Parts: Tracing the Pathway If you look toward a window on a bright day, you may see tiny particles dancing in the air. These particles include such things as floating grains of dust, plant pollen, and ash from fires. Though you can’t see them, air also contains microorganisms. Some of these microorganisms can cause diseases in humans. When you breathe in, all these materials enter your body along with the air. However, most of these materials never reach your lungs. On its way to the lungs, air passes through a series of structures that filter and trap particles. These organs also warm and moisten the air. As air travels from the outside environment to the lungs, it passes through the following structures: nose, pharynx, trachea, and bronchi. It takes air only a few seconds to complete the route from the nose to the lungs. The Nose--Air enters the body through the nose and then moves into spaces called the nasal cavities. Some of the cells lining the nasal cavities produce mucus. This sticky material moistens the air and keeps the lining from drying out. Mucus also traps particles such as dust. The cells that line the nasal cavities have cilia (sil ee uh), tiny hairlike extensions that can move together in a sweeping motion. The cilia sweep the mucus into the throat, where you swallow it. Stomach acid destroys the mucus, along with everything trapped in it. Some particles and bacteria can irritate the lining of your nose or throat, causing you to sneeze. The powerful force of a sneeze shoots the particles out of your nose and into the air.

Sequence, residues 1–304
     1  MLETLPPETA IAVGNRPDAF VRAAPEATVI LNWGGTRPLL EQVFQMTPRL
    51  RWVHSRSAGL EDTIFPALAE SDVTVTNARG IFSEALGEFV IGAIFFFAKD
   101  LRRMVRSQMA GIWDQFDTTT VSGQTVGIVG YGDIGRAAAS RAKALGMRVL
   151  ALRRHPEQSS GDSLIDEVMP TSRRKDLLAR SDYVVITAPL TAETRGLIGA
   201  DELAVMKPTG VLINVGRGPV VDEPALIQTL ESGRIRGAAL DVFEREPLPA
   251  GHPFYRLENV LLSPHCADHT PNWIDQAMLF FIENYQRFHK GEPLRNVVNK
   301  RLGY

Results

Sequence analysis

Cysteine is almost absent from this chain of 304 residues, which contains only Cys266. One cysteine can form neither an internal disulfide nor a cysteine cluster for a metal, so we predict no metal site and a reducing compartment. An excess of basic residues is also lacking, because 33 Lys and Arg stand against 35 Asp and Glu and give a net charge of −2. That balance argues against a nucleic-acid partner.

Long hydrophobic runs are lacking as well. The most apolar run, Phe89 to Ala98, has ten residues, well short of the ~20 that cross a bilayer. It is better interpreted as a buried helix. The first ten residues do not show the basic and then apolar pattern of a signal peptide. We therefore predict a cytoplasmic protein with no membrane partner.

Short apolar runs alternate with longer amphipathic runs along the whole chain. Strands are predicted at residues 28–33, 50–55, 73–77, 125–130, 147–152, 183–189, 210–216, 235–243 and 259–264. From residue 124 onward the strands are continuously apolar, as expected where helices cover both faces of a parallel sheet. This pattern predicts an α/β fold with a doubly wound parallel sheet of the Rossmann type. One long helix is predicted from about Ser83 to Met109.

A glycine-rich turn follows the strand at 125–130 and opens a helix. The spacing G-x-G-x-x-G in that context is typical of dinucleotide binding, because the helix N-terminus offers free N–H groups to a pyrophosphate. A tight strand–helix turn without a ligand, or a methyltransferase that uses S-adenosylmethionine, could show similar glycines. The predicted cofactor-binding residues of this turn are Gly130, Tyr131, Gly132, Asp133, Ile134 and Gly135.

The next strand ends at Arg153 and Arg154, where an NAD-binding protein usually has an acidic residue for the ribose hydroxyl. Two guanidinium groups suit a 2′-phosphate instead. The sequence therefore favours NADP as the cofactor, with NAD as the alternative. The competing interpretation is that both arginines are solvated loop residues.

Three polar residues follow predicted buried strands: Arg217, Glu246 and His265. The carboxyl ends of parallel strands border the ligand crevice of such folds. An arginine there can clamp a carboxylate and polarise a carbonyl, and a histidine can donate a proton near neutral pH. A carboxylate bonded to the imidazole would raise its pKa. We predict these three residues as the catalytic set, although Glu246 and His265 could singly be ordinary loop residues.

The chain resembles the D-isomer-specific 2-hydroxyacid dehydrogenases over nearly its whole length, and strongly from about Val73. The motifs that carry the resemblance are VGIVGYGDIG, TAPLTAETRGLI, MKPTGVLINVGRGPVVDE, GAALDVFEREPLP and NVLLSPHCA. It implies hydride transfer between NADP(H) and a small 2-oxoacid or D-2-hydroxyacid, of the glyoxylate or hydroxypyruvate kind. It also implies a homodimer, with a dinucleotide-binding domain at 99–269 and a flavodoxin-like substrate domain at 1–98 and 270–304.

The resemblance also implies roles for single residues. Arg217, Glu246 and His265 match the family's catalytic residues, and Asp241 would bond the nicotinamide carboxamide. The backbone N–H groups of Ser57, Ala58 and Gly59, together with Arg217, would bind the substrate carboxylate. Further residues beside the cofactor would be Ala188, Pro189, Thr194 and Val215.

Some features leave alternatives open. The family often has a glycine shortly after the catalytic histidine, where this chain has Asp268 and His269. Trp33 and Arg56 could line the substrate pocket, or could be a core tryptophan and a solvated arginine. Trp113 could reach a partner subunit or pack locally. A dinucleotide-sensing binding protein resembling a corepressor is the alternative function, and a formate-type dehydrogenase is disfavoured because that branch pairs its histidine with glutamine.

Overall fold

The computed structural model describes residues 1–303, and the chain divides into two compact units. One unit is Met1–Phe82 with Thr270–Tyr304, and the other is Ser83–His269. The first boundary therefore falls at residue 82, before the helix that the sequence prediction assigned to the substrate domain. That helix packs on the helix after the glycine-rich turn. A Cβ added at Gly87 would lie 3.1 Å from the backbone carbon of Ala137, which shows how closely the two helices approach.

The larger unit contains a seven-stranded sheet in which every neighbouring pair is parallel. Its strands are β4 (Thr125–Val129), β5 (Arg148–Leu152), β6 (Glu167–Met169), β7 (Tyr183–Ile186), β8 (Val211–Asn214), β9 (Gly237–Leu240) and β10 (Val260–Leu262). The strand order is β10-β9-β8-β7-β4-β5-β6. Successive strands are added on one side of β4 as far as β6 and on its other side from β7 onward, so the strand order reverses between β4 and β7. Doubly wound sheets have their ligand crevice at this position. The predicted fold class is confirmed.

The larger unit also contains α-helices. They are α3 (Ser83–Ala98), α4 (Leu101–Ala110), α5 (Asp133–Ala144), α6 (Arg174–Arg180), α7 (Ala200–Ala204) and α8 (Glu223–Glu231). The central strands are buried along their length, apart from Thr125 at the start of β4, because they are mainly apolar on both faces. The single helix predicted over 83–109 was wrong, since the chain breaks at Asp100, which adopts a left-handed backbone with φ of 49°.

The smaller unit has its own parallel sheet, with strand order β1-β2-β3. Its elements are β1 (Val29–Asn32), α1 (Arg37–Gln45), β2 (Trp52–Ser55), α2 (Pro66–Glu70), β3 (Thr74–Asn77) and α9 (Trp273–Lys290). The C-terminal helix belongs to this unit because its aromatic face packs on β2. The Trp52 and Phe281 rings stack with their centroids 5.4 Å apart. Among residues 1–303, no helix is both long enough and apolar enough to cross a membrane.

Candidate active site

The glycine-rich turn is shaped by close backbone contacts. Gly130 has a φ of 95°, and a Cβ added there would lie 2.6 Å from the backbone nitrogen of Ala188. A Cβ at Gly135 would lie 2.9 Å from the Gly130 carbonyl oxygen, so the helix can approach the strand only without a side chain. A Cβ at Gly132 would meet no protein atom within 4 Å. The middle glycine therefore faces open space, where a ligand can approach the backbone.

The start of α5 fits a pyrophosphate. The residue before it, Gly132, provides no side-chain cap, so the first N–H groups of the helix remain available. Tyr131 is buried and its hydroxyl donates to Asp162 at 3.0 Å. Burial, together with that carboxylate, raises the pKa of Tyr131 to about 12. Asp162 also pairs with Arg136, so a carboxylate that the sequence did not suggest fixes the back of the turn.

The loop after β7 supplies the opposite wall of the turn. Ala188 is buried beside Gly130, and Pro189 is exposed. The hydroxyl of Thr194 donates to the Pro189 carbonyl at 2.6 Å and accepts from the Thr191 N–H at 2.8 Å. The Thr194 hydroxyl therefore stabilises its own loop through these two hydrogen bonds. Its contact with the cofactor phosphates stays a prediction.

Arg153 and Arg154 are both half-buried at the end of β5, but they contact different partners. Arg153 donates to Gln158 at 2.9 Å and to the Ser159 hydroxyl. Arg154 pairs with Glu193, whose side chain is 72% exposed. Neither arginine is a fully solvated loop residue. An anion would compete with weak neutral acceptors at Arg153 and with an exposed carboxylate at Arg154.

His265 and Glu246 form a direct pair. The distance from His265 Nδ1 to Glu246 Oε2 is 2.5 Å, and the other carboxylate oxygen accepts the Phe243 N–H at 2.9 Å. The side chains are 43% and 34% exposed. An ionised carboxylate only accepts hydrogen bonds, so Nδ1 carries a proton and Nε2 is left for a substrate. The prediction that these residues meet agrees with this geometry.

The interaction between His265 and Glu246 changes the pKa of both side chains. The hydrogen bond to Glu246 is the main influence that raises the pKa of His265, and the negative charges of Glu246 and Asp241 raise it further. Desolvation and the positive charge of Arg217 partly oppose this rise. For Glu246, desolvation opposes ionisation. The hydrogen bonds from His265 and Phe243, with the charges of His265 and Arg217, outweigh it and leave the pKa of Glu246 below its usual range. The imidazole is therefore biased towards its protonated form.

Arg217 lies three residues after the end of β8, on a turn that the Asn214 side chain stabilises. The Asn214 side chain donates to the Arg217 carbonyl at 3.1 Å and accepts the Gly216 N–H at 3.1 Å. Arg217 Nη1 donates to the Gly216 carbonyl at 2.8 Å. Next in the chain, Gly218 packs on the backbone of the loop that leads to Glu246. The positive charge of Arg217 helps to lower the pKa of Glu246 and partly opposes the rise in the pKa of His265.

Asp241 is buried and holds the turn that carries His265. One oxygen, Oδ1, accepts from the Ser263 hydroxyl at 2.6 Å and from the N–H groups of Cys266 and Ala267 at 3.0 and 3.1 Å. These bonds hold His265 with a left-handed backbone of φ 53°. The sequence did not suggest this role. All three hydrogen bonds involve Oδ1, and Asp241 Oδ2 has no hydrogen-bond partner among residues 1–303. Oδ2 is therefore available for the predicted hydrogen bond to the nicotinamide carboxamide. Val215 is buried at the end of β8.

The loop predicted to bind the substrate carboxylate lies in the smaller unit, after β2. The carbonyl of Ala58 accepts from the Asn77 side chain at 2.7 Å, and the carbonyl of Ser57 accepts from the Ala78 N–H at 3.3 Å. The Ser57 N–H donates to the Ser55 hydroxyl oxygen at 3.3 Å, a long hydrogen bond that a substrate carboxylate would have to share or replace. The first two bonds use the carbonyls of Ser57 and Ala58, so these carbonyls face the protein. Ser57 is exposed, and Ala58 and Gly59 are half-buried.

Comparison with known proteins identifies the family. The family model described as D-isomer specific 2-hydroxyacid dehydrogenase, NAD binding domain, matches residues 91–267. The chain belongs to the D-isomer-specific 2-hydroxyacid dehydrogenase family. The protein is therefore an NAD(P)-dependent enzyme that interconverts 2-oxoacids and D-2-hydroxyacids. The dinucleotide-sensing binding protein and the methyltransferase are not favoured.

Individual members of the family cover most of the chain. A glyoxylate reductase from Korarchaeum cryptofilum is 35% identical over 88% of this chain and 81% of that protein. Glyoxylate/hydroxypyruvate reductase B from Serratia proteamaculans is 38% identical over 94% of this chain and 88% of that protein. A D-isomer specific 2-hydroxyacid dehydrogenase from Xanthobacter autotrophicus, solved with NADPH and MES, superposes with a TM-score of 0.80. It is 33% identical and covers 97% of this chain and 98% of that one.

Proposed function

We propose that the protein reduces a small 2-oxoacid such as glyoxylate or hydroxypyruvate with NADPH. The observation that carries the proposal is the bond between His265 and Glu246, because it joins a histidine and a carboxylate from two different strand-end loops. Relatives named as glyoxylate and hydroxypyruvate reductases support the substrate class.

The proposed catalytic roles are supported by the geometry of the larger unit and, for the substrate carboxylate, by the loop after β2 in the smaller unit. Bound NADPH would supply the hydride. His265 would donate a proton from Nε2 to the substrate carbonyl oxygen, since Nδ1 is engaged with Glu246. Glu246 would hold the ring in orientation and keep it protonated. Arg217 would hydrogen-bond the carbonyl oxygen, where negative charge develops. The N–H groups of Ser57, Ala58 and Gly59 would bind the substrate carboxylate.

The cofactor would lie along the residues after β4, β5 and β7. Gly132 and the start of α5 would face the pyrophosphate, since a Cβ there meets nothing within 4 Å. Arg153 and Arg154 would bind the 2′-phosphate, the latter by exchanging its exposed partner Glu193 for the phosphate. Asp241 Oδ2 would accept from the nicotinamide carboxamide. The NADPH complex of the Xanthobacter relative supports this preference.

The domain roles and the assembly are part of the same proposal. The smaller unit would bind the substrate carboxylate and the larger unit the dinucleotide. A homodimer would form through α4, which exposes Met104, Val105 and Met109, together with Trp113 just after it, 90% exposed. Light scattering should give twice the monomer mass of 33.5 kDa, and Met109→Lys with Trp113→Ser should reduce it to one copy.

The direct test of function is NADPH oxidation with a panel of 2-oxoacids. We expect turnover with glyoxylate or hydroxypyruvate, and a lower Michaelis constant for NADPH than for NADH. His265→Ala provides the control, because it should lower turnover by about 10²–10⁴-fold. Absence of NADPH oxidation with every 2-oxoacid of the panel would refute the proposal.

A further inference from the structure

Parts: The Pathway Continues The Pharynx--Next, air enters the pharynx (far ingks), or throat. The pharynx is the only part of the respiratory system that is shared with another system—the digestive system. Both the nose and the mouth connect to the pharynx. The Trachea--From the pharynx, air moves into the trachea (tray kee uh), or windpipe. You can feel your trachea if you gently run your fingers down the center of your neck. The trachea feels like a tube with a series of ridges. The firm ridges are rings of cartilage that strengthen the trachea and keep it open. The trachea, like the nose, is lined with cilia and mucus. The cilia in the trachea sweep upward, moving mucus toward the pharynx, where it is swallowed. The trachea’s cilia and mucus continue the cleaning and moistening of air that began in the nose. If particles irritate the lining of the trachea, you cough. A cough, like a sneeze, sends the particles into the air. Normally, only air—not food—enters the trachea. If food does enter the trachea, the food can block the opening and prevent air from getting to the lungs. When that happens, a person chokes. Fortunately, food rarely gets into the trachea. The epiglottis, a small flap of tissue that folds over the trachea, seals off the trachea while you swallow.